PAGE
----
I noticed that there isn’t too much discussion on the Rock Paper Scissors project (in Machine Learning with Python), which is a shame! Having completed nearly every fCC project, this is definitely one of my favorites.
So for those that don’t know/remember: the project involves creating an algorithm to play Rock-Paper-Scissors against other algorithms (bots). The challenge is to create an algorithm that can consistently achieve a 60% win rate (or better) against 4 other bots. Three of the bots aren’t too tough. My final algorithm wins 96% agains Kris, 84% agains Mrugesh, and 99% against Quincey. But Abbey is real trouble - my final algorithm still only barely scrapes by with a 60.5% win rate.
What I learned is that Abbey uses a Markov Chain to predict your bot’s next move, and apparently the best way to beat Abbey is to match it with another (longer) Markov Chain.
So my final solution starts with a Markov Chain that looks for patterns with a length of 3. If it doesn’t find one, the next part of the algorithm looks for a patterns with a length of 2. If it’s still not found, the algorithm then looks for the least used move and picks a counter that is likely to match or tie the bot (so if the least used move is “R”, my bot will pick “S” since the opposing bot is likely to either pick “S” or “P” - hopefully that makes sense).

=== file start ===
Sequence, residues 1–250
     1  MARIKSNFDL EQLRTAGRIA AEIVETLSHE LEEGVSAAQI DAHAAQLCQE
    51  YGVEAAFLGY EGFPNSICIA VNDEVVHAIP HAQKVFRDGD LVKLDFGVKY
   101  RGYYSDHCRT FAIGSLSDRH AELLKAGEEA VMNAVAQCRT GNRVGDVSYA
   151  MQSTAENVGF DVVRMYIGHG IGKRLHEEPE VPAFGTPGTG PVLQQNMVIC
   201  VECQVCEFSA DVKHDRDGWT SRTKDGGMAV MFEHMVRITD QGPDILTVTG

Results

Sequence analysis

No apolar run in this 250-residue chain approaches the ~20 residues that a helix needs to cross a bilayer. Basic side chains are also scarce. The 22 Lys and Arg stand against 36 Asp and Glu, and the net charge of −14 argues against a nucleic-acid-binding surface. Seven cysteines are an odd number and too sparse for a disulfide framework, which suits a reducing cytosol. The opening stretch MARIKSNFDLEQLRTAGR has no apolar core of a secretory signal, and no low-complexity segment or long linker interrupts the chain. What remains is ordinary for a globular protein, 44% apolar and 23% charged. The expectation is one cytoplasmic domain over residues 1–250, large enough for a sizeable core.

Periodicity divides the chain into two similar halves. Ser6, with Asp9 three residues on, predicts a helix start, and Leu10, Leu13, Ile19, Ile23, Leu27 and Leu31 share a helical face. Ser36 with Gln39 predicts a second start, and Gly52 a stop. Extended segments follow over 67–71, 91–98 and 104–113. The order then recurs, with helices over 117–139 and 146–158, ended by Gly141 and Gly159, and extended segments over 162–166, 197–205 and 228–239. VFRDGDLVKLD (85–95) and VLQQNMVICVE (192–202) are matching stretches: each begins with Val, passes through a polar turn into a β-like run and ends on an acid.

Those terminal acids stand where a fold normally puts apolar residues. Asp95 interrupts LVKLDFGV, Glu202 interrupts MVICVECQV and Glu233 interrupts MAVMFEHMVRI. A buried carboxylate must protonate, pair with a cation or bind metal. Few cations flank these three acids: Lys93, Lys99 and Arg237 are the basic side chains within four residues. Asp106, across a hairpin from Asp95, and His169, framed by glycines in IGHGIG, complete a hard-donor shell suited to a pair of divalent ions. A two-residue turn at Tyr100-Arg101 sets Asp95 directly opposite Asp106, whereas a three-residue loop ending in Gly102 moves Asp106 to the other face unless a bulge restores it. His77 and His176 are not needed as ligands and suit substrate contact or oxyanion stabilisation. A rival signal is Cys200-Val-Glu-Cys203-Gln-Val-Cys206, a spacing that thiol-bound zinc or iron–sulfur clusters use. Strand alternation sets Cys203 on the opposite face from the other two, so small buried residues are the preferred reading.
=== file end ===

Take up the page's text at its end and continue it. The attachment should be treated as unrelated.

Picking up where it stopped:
But even with all this, I still wasn’t beating Abbey over 60% of the time. What pushed my algorithm over the edge was learning that it might be a good idea to limit the Markov Chain’s memory. So, for example, instead of looking at all prior plays from the opposing bot, only look at the most recent 100. I played around with this and - for some reason - looking at only the previous 22 moves seemed to be ideal. Not 21, not 23, but it has to be 22. Why? I have no idea… I really don’t understand it, but that seems to work.
Also, my opening move is always “S” - anything else, my win percentage against Abbey drops. This is a mystery to me.
Anyway, I just had so much fun playing with this project, I wanted to share! I’d love to hear what anyone else did to solve this one.